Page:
ISLAMABAD: Pakistan’s election regulator has decided to invite international observers to witness the upcoming polls slated to be held in the last week of January 2024, the state-run Radio Pakistan said in a report on Tuesday.
Former prime minister Imran Khan, who was ousted from office via a parliamentary vote in April 2022, has accused Pakistan’s powerful military and ex-PM Shehbaz Sharif’s previous government of attempting to “dismantle” his political party owing to his widespread popularity.
Khan, who is in jail, has said the various charges against him are politically motivated and has accused the Election Commission of Pakistan (ECP) of being part of a ploy to keep him out of politics. The ECP has rejected Khan’s allegations while Prime Minister Anwaar-ul-Haq Kakar has said Khan’s party would be given a “level-playing field” to contest polls.
“Election Commission of Pakistan has decided to write to the Ministry of Foreign Affairs to invite international observers for upcoming general elections,” the report said. It added that the decision was taken during a meeting of the regulator chaired by its head, Sikandar Sultan Raja.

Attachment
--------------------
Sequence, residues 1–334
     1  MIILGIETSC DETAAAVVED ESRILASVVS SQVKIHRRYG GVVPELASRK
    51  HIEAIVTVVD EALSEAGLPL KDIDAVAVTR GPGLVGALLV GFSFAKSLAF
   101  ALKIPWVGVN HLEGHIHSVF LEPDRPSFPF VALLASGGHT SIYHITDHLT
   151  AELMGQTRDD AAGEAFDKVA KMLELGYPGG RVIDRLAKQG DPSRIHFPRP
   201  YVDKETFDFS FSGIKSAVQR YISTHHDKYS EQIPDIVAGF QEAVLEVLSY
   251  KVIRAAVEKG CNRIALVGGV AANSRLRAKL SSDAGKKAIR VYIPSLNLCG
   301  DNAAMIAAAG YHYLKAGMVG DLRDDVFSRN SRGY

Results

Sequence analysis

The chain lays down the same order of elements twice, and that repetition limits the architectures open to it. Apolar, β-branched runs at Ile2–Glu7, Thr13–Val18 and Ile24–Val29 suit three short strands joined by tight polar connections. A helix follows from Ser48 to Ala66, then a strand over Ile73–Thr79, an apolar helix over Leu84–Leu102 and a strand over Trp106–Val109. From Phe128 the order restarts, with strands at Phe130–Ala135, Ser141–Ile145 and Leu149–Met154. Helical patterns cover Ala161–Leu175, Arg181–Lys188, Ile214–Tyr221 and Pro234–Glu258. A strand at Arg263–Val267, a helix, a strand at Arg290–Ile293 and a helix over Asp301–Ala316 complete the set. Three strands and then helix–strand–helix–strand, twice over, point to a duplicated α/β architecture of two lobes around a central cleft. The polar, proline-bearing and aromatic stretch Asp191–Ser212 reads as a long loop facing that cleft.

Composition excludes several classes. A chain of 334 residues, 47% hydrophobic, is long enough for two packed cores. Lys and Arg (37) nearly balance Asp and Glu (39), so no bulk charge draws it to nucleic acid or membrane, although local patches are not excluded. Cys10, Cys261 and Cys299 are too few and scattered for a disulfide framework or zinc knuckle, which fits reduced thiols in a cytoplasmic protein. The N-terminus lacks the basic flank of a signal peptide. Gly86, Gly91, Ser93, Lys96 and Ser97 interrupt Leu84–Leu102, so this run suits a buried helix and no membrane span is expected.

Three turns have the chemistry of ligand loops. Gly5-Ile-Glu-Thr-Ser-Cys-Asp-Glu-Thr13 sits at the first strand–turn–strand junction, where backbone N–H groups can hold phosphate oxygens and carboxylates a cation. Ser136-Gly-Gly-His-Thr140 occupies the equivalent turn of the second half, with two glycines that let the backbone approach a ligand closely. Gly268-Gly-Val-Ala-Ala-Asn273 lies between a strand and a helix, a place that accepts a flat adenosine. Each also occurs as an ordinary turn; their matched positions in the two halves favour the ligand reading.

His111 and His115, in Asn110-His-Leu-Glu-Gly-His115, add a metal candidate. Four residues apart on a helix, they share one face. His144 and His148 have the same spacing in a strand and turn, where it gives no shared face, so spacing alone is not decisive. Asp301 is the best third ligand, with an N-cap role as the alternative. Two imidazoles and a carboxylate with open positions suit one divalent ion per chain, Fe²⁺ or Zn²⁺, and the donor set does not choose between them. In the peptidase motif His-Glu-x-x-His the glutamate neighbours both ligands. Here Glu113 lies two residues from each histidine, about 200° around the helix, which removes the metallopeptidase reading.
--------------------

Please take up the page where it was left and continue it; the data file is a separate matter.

The report said ECP decided to expedite the process of international observers who have already requested to observe Pakistan’s electoral process.
“The Election Commission accorded approval to the code of conduct for International Observers and also allowed to publish it on a priority basis,” Radio Pakistan said.
Last month, the ECP said it would publish the final list of constituencies by Nov. 30 and that polls would be held in the country during the last week of January.
In September, the Human Rights Commission of Pakistan (HRCP) said it was concerned about the scope for institutions to manipulate the electoral process in Pakistan.
“Apart from ensuring that free, fair and credible elections take place, the test of the current caretaker government is to see not only whether it will protect and respect people’s right to protest peacefully, but also whether it will respond to the issues that ordinary citizens are mobilizing around,” the HRCP said.
Pakistan heads to the polls amid mounting challenges in the form of an economic meltdown and political instability that has depleted the country’s reserves and weakened its currency. The cash-starved South Asian nation has hiked fuel prices in recent weeks, leading to staggering inflation and more problems for its population.